PSICC Christmas Tree Sales

Father and child walk into the forest with an axe.

 

Start a Tradition in 2020

 

The Pikes Peak, South Platte, South Park, Leadville, Salida and San Carlos Ranger Districts on the Pike and San Isabel National Forests Cimarron and Comanche National Grasslands offer the opportunity for forest visitors to continue a tradition or start a new one by moving all holiday tree permit sales online through Recreation.gov for the 2020 holiday tree permit season. Online sales start October 15.

Be sure of the area you are purchasing a permit for. Each permit has a unique number associated with it so permits purchased through the Recreation.gov website must be printed to be valid. Visitors will need to display the printed permit on the dash of their vehicle on the day they visit the forest to cut their tree.

Visitors must establish a Recreation.gov account to purchase a permit and may access their permit through their account at any time.There is a reservation fee of $2.50 for permits sold to customers for the reservation service and support from the Recreation.gov system and staff. The funds from Christmas tree permits purchased through the Recreation.gov system will go back to the participating Forest through Federal Lands Recreation Enhancement Act (FLREA) funding requirements.

Fourth-grade students with an Every Kid Outdoors pass can apply for a free Christmas Tree permit through the online system with Recreation.gov by selecting the option and then entering their voucher or pass number when prompted.

Forest health is important, by removing these smaller trees you are contributing to the overall wellbeing of the forest and reducing fire danger. Persons cutting or removing trees from the National Forest without a valid permit are subject to a fine of up to $5000 and/or 6 months imprisonment.

 

Maps:

South Platte - Online sales only - Weekend Permits SOLD OUT except Buffalo Creek area 12/12 

Weekday Permits still available for Buffalo Creek and Sugar Creek Areas

$20 per permit: Limit 5 permits per household

            Buffalo Creek - This area is located southeast of Pine Junction on County Highway 126 and FDR 550. From Denver: Take US Hwy 285 south to Pine Valley Road (County Road 126). Turn south onto Pine Valley Road for about 12 miles. FDR 550 will be on the right-hand side.

            Sugar Creek – This area is located along County Road 67, approximately 1.5 miles south of County Road 40/Sprucewood junction. This area is best accessed from US Hwy 85 in Sedalia, CO. No camping allowed

            Camp Fikes - This area is located to the west of the Buffalo Creek tree cutting area. Follow the directions to the Buffalo Creek tree cutting area. Turn onto FDR 550 and continue to stay on the road for approximately 8 miles. This area may be difficult to impossible to access after heavy snow.

 

South Park - October 15 - December 31 - Online, Mail-in, In-person

$20 per permit: Limit 5 permits per household

Christmas Tree cutting is allowed throughout the South Park Ranger District except in a few restricted areas. Please print a map for the area you will be visiting. Also, there are maps of suggested areas based on tree species, accessibility and size, available. 

Alma Como Bores Lake George Packer Gulch Turner Gulch
Crooked Beaver Eagle Rock Lost Creek-N. Fork Ranger Station Warm Springs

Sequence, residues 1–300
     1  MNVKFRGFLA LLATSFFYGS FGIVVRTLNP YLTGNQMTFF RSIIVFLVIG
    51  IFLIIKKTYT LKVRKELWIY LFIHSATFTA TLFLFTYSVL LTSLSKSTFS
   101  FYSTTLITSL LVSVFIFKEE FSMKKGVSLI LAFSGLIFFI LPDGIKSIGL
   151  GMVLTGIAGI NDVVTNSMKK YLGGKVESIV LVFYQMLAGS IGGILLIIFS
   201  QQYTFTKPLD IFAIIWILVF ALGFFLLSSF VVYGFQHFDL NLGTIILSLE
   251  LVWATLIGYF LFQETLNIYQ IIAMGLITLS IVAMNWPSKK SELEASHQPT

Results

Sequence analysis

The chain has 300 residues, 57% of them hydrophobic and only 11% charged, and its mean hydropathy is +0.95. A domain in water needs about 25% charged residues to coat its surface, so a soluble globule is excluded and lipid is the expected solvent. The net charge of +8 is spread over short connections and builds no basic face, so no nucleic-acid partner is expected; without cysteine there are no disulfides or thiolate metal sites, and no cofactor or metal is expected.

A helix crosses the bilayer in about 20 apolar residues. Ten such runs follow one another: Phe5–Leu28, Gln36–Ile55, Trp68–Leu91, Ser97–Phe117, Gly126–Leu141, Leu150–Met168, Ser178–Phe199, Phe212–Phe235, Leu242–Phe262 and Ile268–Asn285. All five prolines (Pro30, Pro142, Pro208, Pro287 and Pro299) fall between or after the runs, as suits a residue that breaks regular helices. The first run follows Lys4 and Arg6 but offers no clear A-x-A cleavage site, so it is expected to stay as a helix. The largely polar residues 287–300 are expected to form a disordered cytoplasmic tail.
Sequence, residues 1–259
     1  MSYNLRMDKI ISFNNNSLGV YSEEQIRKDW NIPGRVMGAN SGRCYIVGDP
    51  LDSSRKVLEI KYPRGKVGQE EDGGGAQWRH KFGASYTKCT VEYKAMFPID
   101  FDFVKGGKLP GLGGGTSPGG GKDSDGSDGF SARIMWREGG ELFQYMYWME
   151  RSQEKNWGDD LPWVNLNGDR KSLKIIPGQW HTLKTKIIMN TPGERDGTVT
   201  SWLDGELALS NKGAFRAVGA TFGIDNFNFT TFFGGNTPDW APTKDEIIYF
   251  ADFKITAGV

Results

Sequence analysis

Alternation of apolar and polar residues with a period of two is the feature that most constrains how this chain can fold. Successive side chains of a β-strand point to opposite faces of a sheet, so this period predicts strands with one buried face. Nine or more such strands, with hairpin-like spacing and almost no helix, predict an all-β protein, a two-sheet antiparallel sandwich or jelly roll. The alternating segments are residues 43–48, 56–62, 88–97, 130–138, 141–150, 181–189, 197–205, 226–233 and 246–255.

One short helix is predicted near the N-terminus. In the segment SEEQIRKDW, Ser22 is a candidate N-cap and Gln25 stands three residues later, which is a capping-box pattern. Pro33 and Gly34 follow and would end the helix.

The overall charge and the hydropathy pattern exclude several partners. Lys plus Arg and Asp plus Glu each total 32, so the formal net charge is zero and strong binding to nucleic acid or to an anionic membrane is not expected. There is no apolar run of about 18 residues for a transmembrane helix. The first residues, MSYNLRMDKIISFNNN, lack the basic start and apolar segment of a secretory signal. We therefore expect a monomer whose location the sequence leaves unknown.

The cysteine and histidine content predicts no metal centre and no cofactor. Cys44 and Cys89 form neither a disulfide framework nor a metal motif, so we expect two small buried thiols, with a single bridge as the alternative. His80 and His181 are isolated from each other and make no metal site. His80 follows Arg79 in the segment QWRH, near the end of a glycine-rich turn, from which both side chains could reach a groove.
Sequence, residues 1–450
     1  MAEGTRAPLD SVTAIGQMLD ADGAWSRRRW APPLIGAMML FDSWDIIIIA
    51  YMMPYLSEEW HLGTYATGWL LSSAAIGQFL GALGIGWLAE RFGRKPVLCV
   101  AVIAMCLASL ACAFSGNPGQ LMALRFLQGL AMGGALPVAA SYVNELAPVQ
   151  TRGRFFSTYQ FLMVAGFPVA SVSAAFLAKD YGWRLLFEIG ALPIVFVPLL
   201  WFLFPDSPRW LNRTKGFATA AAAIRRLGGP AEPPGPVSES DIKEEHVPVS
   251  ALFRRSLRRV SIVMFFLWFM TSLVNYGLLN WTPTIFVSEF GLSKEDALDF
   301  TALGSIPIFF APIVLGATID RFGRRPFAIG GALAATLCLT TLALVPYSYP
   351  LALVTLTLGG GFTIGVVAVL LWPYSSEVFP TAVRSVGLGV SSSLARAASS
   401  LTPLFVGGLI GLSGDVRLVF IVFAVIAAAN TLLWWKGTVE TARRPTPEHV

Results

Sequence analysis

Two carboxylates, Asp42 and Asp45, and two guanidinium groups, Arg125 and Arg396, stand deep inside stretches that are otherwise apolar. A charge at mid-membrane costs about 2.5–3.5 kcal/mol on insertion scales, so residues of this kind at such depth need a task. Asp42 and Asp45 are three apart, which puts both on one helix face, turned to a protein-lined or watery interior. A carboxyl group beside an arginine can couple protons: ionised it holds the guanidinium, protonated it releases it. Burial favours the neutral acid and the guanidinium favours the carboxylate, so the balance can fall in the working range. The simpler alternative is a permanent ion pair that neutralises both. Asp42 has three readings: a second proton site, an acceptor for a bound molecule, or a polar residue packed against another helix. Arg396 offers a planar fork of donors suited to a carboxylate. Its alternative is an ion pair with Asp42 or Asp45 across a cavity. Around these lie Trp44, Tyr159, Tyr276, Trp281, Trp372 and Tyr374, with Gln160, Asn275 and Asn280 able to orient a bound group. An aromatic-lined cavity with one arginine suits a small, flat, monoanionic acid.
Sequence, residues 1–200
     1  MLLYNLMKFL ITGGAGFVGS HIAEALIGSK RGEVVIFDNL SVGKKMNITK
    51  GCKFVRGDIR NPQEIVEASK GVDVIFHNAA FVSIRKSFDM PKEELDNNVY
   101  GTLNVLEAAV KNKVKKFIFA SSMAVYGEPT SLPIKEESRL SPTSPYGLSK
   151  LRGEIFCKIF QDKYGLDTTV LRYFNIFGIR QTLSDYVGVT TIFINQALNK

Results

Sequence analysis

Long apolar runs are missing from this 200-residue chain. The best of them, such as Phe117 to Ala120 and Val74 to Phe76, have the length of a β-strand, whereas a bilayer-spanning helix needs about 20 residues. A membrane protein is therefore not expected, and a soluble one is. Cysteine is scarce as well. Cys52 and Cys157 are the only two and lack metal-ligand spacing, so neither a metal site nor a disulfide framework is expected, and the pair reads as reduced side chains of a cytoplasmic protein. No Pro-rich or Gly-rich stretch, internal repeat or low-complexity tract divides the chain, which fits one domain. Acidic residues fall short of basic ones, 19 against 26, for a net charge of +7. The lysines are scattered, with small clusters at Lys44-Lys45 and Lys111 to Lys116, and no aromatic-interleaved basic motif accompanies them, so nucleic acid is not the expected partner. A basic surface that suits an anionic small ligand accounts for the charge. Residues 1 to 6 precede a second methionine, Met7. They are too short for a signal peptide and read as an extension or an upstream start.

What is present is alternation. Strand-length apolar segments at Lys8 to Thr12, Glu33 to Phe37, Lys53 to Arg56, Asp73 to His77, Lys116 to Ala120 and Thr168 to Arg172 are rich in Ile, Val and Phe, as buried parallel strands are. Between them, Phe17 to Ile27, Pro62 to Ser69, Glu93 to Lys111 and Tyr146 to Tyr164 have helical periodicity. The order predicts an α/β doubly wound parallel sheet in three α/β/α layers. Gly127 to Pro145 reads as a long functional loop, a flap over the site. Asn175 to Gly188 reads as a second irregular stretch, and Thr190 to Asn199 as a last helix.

Blue Mountain Fourmile-Thompson Lost Creek-West Rock Creek Hills Christmas Tree Locator
Bordenville Jefferson Michigan Creek Salt Creek Mail in Permit

 

Pikes Peak - November 27-December 16 - Online only

$20 per permit: Limit 5 permits per household

*PLEASE DO NOT CUT TREES IN THE RAMPART RANGE AREA-THE ROAD IS NOW CLOSED FOR THE SEASON*

Trees may be cut any time after purchase of permit from Friday, November 27th through Wednesday, December 16th. Trees may be cut on National Forest System lands northwest of Woodland Park, Colorado in the North Divide area and northwest of Woodland Park off Forest Service Roads 339 and 342. Be sure to print the map when you purchase your permit and use it to navigate to the tree cutting areas. Signs will be posted.

 

San Carlos - November 20 thru December 24 - Online or Mail-in Only

$10 per permit: Limit of 2 permits per household

For mail-in permit requests please mail a check or money order payable to "USDA Forest Service" along with a self-addressed stamped envelope to: ATTN: Christmas Tree Permit, San Carlos Ranger District, 3028 E. Main St., Canon City, CO 81212

Christmas tree cutting is allowed throughout the San Carlos Ranger District except at campgrounds, trailheads, ski areas, wilderness areas and the recreation area around Lake Isabel.

 

Leadville

$10 per permit: Limit of 2 permits per household

Christmas tree cutting is allowed throughout the Leadville Ranger District except at campgrounds, trailheads, ski areas, wilderness areas, and the recreation area near Turquoise Lake.

 

Salida

$10 per permit: Limit of 2 permits per household

Christmas tree cutting is allowed throughout the Salida Ranger District except at campgrounds, trailheads, ski areas, wilderness areas, and recreation areas.

 

Tree Cutting Tips

  • No Chainsaws, please use a handsaw.
  • Be prepared for weather and road conditions that might make travel difficult. Roads may be icy, snowy and may not be plowed regularly. We recommend you carry chains and use a four-wheel drive or all-wheel drive, high-clearance vehicle.
  • Many roads have seasonal closures that take effect annually on December 1 or may close because of winter conditions. Check with the local Forest Service office if you are unsure of seasonal closures.
  • In some areas forest visitors may use a snowmobile, skis or snowshoes to harvest a tree, please check with the Forest Service office for any restrictions. Please do not tear up the road surface or leave debris on the road by traveling beyond plowed sections.
  • Dress warmly because the weather can change suddenly.
  • Have a full tank of gas.
  • Holiday tree cutters with permits purchased from www.recreation.gov/tree-permits/psicc can park in a safe location within one car length to the side of a road in the tree cutting area.
  • Pack out your trash.
  • Do not trespass on private property.
  • Leave pets at home or have them leashed at all times.
  • Bring a rope and tarp to haul your tree home.
  • It gets dark by 4:30 p.m. so plan your visit to allow plenty of daylight to find and cut your tree.
  • Be aware of the areas that are approved for tree-cutting, which are designated on the map for the tree cutting area you reserved. (See link above.)
  • Permits will not be transferred or replaced if stolen, lost or damaged.
  • Permits are only valid for the forest and district from which they were purchased.
  • You must cut trees as close to the ground as possible. Leave no stumps more than 6 inches high.
  • You may only take trees that are less than 6 inches across at ground level and less than 15 feet tall.